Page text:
I worked at an ice-cream shop when I was at university. One of the perks of the job was taking home a couple of generous scoops of Chocolate Ecstasy and Chocolate Mud, topped with hot fudge, at the end of every shift. My sweet tooth became extremely well developed, and got used to a constant supply of rich, creamy chocolate.
My university years provided enough sugar to fill my lifetime quota. I don’t eat many sweet things these days, but when I do, I go for quality over quantity, and opt for something a little more subtle than a triple choc sundae.
We had friends over for lunch on Sunday and I needed something sweet to round out a simple meal of cauliflower soup served with ham, cheese and pear toasties. The market had offered up crisp, fragrant red apples as well as plump mandarins and I grabbed more of those walnuts I found last week. I had the beginnings of a winter fruit platter but it needed something extra.
White food. It’s all I’ve been eating for the last seven or eight weeks, thanks to a robust dose of morning sickness! I had the type that feels like the worst hangover you’ve ever had, lasts all day and can only be cured by second and third breakfasts, a constant supply of carbs, and TV marathons.
Writing about my kitchen activity over the last couple of months would have resulted in rather short posts. They would have focussed on four main food groups; meat wrapped in pastry, chips, bread and potatoes. Let’s not quibble that chips and potatoes are technically the same thing. Any variation, no matter how small, was important considering vegemite was my main source of vitamins.
The first trimester is now behind me and green food has made a welcome comeback to my plate. My latest challenge is feeding the voracious hunger this kid seems to be fuelling. I regularly find myself in front of an open fridge, willing interesting yet healthy snacks to appear. This week, with a second-trimester kick of energy, I’ve stocked up with high-protein snacks to keep this baby growing.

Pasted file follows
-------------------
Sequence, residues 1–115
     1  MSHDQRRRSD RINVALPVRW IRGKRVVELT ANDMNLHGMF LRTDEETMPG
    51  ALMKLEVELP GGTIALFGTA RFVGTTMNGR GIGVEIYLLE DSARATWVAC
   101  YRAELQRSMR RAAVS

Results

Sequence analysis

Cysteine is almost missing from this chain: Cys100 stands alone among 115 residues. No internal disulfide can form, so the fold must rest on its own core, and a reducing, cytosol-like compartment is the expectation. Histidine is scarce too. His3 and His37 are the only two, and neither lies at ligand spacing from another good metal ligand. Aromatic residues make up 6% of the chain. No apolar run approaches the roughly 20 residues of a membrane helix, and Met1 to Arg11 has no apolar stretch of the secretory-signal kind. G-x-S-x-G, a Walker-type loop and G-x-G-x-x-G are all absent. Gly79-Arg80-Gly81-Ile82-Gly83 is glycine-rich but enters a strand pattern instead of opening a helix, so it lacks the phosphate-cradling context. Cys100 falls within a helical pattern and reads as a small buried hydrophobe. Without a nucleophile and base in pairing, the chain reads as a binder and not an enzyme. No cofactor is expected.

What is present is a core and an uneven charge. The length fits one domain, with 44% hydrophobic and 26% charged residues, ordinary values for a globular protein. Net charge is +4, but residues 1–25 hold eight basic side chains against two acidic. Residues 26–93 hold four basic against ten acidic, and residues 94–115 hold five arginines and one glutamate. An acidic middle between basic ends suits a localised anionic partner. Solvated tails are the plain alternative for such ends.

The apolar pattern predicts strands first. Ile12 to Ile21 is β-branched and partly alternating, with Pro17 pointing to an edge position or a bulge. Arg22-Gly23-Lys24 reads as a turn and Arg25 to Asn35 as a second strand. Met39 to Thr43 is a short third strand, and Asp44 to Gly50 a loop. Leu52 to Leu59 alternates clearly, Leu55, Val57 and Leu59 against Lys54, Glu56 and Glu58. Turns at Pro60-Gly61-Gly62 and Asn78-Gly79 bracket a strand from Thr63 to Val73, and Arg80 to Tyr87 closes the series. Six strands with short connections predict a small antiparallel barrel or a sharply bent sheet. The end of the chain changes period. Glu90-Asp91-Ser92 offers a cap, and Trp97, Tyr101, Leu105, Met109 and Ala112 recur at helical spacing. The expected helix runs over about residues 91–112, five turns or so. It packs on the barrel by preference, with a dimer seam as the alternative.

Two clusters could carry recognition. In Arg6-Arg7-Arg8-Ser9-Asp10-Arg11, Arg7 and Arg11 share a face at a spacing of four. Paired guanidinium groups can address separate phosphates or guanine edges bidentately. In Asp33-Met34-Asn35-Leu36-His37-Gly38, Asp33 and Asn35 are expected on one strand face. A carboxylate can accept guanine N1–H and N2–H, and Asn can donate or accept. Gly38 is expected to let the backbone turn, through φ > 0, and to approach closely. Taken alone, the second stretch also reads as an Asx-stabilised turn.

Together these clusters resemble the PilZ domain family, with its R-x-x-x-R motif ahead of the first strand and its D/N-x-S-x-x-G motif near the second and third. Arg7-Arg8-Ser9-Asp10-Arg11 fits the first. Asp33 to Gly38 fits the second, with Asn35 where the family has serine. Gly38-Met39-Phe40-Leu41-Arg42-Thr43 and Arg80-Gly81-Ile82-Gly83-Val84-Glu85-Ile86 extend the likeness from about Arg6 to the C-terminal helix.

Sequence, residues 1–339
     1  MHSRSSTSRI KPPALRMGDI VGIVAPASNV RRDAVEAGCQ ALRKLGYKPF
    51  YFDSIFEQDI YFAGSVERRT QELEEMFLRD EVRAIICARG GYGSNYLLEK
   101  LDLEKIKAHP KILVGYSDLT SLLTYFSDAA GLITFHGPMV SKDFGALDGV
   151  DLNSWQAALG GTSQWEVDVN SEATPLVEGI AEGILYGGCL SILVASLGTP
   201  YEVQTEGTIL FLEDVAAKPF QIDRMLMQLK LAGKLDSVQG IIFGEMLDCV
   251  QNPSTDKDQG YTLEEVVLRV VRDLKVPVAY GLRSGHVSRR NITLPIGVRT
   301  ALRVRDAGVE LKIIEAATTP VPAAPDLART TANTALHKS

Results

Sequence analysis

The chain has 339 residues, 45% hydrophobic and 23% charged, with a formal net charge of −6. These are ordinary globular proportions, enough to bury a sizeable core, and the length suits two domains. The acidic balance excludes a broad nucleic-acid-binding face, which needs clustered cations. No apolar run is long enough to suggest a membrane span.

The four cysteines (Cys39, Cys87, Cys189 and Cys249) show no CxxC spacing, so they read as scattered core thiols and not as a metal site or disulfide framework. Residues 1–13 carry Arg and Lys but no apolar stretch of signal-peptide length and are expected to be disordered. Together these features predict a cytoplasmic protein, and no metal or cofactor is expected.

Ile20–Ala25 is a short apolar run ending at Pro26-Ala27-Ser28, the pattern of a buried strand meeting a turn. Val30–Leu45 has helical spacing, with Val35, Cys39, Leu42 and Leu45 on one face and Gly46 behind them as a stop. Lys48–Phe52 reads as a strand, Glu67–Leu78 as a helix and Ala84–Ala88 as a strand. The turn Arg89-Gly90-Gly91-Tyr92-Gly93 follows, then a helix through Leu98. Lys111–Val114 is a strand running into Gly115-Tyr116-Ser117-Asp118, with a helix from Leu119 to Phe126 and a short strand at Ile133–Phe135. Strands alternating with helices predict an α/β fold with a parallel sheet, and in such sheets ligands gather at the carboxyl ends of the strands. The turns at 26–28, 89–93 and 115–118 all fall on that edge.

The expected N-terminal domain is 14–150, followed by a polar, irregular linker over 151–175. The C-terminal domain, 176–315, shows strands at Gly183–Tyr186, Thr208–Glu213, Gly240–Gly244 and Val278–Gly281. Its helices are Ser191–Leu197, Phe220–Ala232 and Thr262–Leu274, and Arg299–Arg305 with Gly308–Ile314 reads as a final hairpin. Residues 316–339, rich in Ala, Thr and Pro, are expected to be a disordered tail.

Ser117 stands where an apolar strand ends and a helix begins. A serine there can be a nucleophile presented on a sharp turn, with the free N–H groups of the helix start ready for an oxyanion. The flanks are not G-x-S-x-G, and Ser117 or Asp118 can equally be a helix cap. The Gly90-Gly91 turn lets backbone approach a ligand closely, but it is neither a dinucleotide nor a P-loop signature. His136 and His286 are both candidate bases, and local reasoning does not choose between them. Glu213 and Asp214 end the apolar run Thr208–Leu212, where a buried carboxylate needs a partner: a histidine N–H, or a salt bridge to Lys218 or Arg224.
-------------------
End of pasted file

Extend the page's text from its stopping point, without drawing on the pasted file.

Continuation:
Sitting on a train, listening to music and watching your point of origin morph into your destination out the window is a lovely way to travel. But if you’re not into dry, sparse sandwiches packed in too much plastic, or greasy, limp offerings from the neon shopfronts at the station, then eating on a train can be disappointing. In preparation for a 3-hour trip on the Long Island Rail Road this week, I packed myself a little snack.
I generally choose salty over sweet; a bag of potato chips will not last long in my presence. Though if sweet combines with salty, well, that is an elevated snack.
Pumpkin seeds, or pepitas, are a solid performing bite to eat on their own. When they’re roasted with a spicy-sweet combination of flavours, these seeds develop their naturally chewy, subtly sweet nuttiness into a richer, crunchier and altogether more satisfying treat.